It sounds like you’ve lived all over. Where have you been?
When I was 16 I decided to get out of Richmond for the year, and I ended up in Galicia, Spain, about an hour north of Portugal. It opened my eyes to how big the world is, and I contracted a fairly serious case of wanderlust. I am now mostly unable to sit still for too long; I spent a summer in Switzerland and France, 7 months in Brazil, and then a year in Israel. And I have some plans coming up!
Where are you going? Will you be back?
Next week I’m heading up to Maine to be a counselor at a beautiful 7-week summer camp for girls; I love the kids and I am so excited to be going back to teach ceramics and get really messy! In August, I leave for Italy. Johns Hopkins SAIS has a campus in Bologna, Italy, where I will be studying hard (and eating all the gelato I can find) during my first year in their international economics and international relations masters program. But next fall, I will back on their DC campus– look for me in Fall 2013, coming to a shul near you.
What brought you to Israel?
My year in Israel was an incredible experience; I was part of OTZMA, which is a year-long volunteering-focused MASA program with ulpan and internship components. There were educational seminars where we met experts and traveled all over the tiny country. I really got to be part of different facets of Israeli culture: I lived in an absorption center in Ashkelon, dorms in Jerusalem, a kibbutz in Emek Hefer, and an apartment in Tel Aviv, and throughout the year the warmest host family invited me into their house to share shabbats and holidays. At the University of Pennsylvania I had not been active in the Jewish community; I felt much more comfortable in the Latino community. I was even the first non-Latina to be inducted into Penn’s Latino honor society, Cipactli. Because of my absence from the Jewish scene, connecting to other Jewish people in our ancient homeland was extremely meaningful. I would recommend OTZMA to any college graduate who wants to do some tikkun olam, see Israel from different points of view, and listen to too much Eyal Golan.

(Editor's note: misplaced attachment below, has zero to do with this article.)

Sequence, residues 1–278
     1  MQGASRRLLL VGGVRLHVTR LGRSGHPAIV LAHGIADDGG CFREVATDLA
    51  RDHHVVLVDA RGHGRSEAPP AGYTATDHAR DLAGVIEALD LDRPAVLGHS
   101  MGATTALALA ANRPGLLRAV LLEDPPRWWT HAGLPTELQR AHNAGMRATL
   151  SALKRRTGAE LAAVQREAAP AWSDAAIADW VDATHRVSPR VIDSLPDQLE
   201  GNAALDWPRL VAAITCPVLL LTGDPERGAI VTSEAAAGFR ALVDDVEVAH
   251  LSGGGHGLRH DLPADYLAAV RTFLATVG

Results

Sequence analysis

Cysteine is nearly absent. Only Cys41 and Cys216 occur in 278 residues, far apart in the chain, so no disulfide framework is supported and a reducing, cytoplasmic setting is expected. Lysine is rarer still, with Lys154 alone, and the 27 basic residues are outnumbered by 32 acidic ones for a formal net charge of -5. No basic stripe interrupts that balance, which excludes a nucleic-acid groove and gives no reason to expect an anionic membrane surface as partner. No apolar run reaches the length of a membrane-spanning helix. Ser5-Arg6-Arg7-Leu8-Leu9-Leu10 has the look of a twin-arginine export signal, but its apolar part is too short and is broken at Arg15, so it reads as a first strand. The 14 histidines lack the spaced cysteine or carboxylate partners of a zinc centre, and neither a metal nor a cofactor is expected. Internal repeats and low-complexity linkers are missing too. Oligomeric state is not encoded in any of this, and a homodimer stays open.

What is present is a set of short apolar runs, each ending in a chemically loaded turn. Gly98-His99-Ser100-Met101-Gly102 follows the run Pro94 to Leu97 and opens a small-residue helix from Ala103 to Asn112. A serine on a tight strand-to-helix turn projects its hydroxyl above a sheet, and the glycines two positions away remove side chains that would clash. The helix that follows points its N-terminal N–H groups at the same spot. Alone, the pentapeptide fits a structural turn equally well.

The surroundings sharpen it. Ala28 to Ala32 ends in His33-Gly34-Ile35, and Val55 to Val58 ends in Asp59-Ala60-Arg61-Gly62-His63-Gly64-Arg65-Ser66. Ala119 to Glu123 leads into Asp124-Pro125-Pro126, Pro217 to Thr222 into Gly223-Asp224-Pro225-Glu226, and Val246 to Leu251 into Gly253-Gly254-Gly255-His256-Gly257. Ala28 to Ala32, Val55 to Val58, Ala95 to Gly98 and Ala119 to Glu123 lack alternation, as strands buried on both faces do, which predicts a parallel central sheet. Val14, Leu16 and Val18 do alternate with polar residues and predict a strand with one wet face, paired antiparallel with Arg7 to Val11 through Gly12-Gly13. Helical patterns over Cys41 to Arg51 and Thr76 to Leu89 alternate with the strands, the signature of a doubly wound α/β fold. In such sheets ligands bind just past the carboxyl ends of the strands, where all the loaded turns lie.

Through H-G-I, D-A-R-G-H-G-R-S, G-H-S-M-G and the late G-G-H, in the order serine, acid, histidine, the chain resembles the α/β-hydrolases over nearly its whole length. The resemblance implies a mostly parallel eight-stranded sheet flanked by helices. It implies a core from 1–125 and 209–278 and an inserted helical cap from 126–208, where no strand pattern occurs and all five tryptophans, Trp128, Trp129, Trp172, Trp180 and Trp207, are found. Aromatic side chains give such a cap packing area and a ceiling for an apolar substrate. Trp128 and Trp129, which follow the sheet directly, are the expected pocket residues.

Where can we find you on a Friday night?
I’m a very equal-opportunity Shabbat-er, and I’ve met wonderful people at the Chabad house, Sixth and I, and Adas Israel. But my favorite Shabbats are the small ones at friends’ houses– and I love hosting, too! My best dish is probably tortilla española, thanks to all my friends’ mothers in Galicia. I also make a pretty delicious shakshuka! I have an excessive number of cookbooks. I get way too excited about feeding people. I am my mother.
Who is the coolest DC Jew?
Josh Cohen. I’ve had the pleasure of working with and learning from him this year at the S. Daniel Abraham Center for Middle East Peace. I couldn’t have asked for a better co-worker and mentor. He is good at pretty much everything, and he’s also humble, thoughtful, and hilarious. He can intelligently discuss everything from current events to Emerson’s essay on Solitude. I would like to be him when I grow up. The whole staff at the Center is exceptional, and I can’t believe I was lucky enough to get the opportunity to work with Congressman Wexler, Zvika, Sara, Toni, Yoni, and Josh.
Oh, and let’s start a new rumor since he’s been called every other religion: this guy loves Israel and he runs the world; Barack Obama is the coolest DC Jew.
How many languages do you speak?
I speak English, Spanish, French, Galician, Portuguese, and Hebrew with a heavy French accent. I’ve also taken Turkish classes because that language is one of the silliest things I’ve ever heard and I think it’s great. So many umlauts! And next year, I’ll hopefully get Italian under my belt as well. After that, who knows?